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Mistuned Higher-Order Mode Forced Response of An Embedded Compressor Rotor, Part II: Mistuned Forced Response Prediction

[+] Author and Article Information
Jing Li

Department of Mechanical Engineering and Materials Science, Duke University, Durham, NC 27708
jing.li3@ge.com

Nyansafo Aye-Addo

Department of Mechanical Engineering, Purdue University, 500 Allison Road, West Lafayette, IN 47907
payeaddo@purdue.edu

Robert Kielb

Professor, Department of Mechanical Engineering and Materials Science, Duke University, Durham, NC 27708
rkielb@duke.edu

Nicole L. Key

Professor, Department of Mechanical Engineering, Purdue University, 500 Allison Road, West Lafayette, IN 47907
nkey@purdue.edu

1Corresponding author.

ASME doi:10.1115/1.4038519 History: Received November 07, 2017; Revised November 16, 2017

Abstract

This paper is the second part of a two-part paper that presents a comprehensive study of the higher-order mode mistuned forced response of an embedded rotor blisk in a multi-stage axial research compressor. The resonant response of the second-stage rotor (R2) in its first chordwise bending (1CWB) mode due to the second harmonic of the periodic passing of its neighboring stators (S1 and S2) is investigated computationally and experimentally at three steady loading conditions in the Purdue Three-Stage Compressor Research Facility. A Non-Intrusive Stress Measurement System (NSMS, or blade tip-timing) is used to measure the blade vibration. Two reduced-order mistuning models of different levels of fidelity are used, namely the Fundamental Mistuning Model (FMM) and the Component Mode Mistuning (CMM), to predict the response. Although several modes in the 1CWB modal family appear in frequency veering and high modal density regions, they do not heavily participate in the response such that very similar results are produced by the FMM and the CMM models of different sizes. A significant response amplification factor of 1.5~2.0 is both measured and predicted, which is on the same order of magnitude of what was commonly reported for low-frequency modes. In this study, a good agreement between predictions and measurements is achieved for the deterministic analysis. This is complemented by a sensitivity analysis which shows that the mistuned system is highly sensitive to the discrepancies in the experimentally determined blade frequency mistuning.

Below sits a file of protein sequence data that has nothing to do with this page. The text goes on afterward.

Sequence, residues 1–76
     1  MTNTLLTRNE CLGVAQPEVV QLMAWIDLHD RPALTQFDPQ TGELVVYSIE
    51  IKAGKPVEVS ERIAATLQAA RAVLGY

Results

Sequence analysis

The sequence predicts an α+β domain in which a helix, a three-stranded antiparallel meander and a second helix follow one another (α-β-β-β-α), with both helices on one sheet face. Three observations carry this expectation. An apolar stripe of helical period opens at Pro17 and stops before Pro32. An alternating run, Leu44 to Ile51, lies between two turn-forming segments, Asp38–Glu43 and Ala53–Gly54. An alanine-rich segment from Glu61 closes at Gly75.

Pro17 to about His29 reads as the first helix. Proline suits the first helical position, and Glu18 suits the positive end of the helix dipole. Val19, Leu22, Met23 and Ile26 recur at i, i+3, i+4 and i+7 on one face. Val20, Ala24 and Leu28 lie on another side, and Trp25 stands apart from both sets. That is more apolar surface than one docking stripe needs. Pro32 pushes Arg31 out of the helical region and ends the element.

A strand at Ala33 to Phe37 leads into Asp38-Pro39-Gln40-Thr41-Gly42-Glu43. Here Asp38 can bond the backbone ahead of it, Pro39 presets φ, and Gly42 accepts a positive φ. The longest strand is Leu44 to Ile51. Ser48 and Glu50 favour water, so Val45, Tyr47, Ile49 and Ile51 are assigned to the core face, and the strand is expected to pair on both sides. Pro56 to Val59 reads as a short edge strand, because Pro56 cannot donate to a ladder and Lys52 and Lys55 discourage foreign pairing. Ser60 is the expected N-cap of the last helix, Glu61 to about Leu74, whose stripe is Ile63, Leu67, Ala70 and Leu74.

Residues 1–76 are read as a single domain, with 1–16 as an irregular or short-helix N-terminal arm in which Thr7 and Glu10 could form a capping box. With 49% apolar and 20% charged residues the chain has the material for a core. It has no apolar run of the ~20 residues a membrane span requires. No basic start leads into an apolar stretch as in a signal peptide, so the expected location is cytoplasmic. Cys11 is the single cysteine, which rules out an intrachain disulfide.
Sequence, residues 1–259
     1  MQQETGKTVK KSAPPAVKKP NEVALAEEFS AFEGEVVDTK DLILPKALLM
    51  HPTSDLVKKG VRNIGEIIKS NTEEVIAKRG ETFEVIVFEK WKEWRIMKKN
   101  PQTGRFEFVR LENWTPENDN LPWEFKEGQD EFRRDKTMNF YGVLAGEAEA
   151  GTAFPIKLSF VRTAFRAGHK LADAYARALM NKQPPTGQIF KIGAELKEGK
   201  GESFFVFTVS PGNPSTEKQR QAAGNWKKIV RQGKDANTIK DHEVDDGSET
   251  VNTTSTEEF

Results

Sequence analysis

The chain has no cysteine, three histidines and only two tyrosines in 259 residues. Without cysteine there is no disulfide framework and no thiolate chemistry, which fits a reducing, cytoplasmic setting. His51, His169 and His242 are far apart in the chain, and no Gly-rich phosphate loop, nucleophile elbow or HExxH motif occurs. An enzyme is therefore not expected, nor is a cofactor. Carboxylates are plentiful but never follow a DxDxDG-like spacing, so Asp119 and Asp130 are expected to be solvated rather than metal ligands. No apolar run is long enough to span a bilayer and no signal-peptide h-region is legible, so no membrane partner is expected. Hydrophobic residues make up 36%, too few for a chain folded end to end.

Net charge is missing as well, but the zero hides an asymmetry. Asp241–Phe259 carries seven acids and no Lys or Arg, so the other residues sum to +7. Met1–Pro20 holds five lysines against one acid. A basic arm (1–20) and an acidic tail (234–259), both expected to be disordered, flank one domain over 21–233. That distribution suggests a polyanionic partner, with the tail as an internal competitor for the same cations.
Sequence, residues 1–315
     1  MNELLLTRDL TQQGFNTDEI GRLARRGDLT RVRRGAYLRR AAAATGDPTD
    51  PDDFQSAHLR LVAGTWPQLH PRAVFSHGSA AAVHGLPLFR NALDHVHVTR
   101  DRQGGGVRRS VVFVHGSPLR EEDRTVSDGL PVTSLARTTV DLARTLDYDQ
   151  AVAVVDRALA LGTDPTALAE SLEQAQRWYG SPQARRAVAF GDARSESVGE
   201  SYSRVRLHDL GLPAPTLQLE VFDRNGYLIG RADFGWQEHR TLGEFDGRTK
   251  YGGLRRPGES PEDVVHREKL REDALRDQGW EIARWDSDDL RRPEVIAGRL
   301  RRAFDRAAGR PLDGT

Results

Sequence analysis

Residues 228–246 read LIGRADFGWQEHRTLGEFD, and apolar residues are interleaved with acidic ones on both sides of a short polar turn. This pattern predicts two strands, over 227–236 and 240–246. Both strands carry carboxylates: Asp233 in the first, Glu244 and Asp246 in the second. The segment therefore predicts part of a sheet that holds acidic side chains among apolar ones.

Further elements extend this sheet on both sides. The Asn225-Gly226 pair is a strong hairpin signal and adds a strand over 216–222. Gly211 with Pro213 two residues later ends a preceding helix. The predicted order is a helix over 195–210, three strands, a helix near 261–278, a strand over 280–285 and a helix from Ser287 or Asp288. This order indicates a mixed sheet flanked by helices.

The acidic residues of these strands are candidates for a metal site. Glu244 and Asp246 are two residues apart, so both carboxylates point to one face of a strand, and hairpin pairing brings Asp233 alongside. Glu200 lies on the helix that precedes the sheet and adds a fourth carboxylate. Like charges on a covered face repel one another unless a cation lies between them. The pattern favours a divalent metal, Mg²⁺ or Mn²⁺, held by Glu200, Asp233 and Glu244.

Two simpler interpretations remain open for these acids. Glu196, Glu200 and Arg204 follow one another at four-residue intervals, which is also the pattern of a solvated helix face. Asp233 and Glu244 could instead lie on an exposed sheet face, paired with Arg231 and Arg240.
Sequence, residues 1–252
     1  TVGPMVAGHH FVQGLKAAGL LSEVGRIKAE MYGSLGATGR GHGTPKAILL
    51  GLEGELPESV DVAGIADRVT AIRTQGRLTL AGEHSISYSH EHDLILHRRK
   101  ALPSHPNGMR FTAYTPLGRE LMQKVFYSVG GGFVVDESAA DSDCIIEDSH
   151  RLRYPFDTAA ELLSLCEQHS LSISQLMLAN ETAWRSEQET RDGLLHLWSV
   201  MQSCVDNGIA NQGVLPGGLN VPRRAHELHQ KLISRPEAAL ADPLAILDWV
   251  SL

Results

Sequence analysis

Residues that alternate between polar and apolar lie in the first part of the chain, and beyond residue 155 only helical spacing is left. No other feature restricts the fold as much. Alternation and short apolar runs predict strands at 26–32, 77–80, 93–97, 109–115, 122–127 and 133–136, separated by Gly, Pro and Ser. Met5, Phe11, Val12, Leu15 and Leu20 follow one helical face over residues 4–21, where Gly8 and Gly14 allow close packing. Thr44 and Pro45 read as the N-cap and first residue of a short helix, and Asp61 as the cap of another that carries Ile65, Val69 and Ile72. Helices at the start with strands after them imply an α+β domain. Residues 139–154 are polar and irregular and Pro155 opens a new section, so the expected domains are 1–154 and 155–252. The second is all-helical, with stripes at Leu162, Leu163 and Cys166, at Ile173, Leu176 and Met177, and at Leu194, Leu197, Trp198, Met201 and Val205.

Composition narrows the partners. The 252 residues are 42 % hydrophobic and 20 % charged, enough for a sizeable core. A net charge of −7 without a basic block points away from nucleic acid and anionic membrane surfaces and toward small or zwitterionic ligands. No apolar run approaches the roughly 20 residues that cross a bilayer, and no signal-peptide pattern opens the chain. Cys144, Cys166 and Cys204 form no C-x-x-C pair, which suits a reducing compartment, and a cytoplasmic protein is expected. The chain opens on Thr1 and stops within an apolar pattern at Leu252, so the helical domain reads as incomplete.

Copyright (c) 2017 by ASME
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